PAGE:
Jackson is well aware that the NRC must lift its game. Administrators are familiar with the allegations that the agency is too close to the industry it regulates - criticisms similar to those being lobbed at the Federal Aviation Administration in the wake of the ValuJet crash. Critics say that the NRC, like the FAA, is trying to promote and police an industry at the same time.

In assessing the challenges that face the NRC and the industry, Jackson says, "It's very important that we don't damn with a broad brush everyone who works here or all of those we regulate."

"In spite of the various issues we're working our way through, I have not lost my basic view that the staff here is technically competent, is serious about doing its job, and serves the public well," she says in an interview. "Many times when I have discussions with reporters, they want me to explain or atone for what may have gone on in the past. All I can do is deal with the here and now, without slinging a lot of mud around."

Path to power

Jackson is someone who has done fairly well dealing with the here and now in the past. Born in Washington, D.C., on the cusp of the postwar baby boom, she graduated at the head of her class from Roosevelt High School.

In 1968, she received a bachelor's degree in physics from the Massachusetts Institute of Technology in Cambridge, Mass., and five years later became the first black woman in the United States to earn a PhD in physics - also from MIT.

What she characterizes as her strong commitment to public service appeared early when, during her MIT years, she regularly crossed the Charles River to serve as a volunteer at Boston City Hospital and tutor students at a YMCA.

Since then, she has conducted research at some of the world's premier high-energy physics labs, served on state and national science panels, and sat on the board of advisers to the Institute for Nuclear Power Operations, a group set up by the nuclear industry after the Three Mile Island accident to train plant operators and managers and to evaluate plant safety performance.

People who have worked with Jackson describe her as thorough, determined, and highly focused.

"I found her particularly effective in public jobs on boards," recalls Paul Leath, chairman of the physics and astronomy department at Rutgers University, where Jackson taught. In 1985, he says, then-Gov. Thomas Kean appointed Jackson as a founding member of the New Jersey Commission on Science and Technology. "She was always a voice of sanity, asking, 'What is the best solution?' regardless of the politics of a situation. That served us well in deciding where to set up research centers in the state."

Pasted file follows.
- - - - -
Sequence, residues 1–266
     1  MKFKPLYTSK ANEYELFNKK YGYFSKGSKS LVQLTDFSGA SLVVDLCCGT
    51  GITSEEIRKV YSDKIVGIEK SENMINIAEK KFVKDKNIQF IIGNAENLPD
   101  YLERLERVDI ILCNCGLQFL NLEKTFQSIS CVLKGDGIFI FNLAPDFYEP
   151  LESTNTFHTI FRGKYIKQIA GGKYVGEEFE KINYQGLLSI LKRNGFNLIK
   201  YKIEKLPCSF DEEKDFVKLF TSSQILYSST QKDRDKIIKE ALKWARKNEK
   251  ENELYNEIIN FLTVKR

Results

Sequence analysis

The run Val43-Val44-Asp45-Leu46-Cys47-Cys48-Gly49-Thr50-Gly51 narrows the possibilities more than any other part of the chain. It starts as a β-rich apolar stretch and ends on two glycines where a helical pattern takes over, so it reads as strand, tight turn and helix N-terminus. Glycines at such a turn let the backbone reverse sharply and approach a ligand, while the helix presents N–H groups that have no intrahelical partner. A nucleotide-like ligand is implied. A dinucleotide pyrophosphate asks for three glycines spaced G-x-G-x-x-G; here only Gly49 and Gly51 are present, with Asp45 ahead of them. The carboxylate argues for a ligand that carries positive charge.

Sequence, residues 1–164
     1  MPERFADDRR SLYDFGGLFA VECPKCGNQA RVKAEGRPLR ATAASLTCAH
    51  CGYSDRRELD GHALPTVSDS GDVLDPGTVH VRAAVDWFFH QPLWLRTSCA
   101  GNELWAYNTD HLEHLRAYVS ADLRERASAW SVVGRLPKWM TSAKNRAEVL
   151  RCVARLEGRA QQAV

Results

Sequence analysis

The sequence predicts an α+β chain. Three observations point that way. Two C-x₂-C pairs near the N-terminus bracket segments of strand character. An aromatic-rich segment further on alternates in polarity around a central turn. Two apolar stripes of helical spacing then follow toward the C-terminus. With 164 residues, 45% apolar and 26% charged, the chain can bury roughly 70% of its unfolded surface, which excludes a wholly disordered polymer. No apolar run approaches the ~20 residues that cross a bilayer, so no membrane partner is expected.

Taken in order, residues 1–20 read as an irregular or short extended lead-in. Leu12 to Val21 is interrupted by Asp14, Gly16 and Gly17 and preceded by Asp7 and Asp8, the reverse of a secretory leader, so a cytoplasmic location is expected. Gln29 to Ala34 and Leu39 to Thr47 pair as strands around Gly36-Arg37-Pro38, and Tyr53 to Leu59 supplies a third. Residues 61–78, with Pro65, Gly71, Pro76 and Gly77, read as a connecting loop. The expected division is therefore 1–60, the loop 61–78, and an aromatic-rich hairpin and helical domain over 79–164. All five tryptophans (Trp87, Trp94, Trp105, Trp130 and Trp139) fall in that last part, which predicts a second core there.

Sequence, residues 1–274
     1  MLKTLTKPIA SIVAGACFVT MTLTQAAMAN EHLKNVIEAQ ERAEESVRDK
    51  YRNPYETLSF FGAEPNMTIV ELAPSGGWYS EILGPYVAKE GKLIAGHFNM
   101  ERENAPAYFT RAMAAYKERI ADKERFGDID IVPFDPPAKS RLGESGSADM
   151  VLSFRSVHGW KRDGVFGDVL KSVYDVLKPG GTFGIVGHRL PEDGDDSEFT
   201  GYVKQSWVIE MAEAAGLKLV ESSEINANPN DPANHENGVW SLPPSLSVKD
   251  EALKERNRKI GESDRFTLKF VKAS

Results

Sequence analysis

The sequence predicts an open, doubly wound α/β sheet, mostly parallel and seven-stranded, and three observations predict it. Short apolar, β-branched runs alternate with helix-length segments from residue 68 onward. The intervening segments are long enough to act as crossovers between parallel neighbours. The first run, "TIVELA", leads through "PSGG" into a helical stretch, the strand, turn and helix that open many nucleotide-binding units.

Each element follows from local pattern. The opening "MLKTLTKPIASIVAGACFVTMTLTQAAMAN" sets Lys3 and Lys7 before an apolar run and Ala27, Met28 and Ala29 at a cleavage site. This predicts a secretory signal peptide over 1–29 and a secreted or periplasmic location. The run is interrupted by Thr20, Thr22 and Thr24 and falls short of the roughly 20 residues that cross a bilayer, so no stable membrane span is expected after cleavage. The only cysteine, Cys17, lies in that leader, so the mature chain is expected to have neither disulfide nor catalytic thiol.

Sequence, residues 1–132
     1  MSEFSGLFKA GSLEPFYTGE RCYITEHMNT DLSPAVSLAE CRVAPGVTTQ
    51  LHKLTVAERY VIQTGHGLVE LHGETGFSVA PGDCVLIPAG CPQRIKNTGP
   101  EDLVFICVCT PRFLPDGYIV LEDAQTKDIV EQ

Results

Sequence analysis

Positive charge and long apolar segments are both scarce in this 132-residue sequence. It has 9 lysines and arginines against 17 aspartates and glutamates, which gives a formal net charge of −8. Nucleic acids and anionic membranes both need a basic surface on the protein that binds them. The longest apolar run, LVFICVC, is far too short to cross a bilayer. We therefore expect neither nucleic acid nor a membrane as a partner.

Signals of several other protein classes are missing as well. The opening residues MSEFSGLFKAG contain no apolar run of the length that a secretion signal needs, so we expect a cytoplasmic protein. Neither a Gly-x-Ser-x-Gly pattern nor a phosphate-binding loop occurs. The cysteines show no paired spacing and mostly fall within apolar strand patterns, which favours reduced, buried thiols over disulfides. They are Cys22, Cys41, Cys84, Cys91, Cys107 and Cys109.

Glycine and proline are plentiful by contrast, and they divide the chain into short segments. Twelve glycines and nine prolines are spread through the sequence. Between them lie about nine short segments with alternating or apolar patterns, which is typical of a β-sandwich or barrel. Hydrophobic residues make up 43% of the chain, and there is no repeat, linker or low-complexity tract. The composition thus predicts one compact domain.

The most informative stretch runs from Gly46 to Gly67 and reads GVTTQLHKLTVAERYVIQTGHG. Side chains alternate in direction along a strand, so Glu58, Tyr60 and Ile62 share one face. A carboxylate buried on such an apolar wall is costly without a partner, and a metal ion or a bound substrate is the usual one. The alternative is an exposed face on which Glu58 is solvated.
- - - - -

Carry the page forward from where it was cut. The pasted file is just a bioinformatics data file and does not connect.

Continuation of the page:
"She's rather quiet and will rarely say anything until she's ready," he continues. "When she does speak, people listen. They know she's thought about what she says. And she does her homework. Often she'll know more about a subject than the person speaking."

That demeanor can mask what some say is a strong sense of compassion and understanding for the human condition.

"She thinks about people as well as about facts," says Richard Slusher, who worked with her at what was then AT&T-Bell Labs. "I was going through some trying personal times. One day she came up to me and said, 'I'm thinking about you and praying for you.' I was caught totally by surprise. But it was what I needed to hear."

"I don't operate on the basis that people don't want to do their jobs," Jackson says of her agency. "I operate on the basis that people need leadership and guidance. And that's what I'm trying to provide - leadership, focus, fairness, timeliness, and accountability."

Under her guidance, the agency is undergoing a broad and deep review of its activities, with an eye toward the challenges that issues such as utility deregulation and reactor aging pose. She says that the lessons being learned from the Millstone, Maine Yankee, and other plants where the NRC performance has been weak will be folded into this effort.

To Jackson, the lessons begin with simply following and enforcing current rules and regulations, even though they may change as experience allows.

In January, for example, when senior managers met with the commission to discuss problem plants, William Russell, director of the agency's office of Nuclear Reactor Regulation, conceded that a key plant-licensing document known as the final safety analysis report (FSAR) had been gathering dust as an inspection tool.

"Right now," he said, "I would characterize that as one of the weaknesses that we have in our process."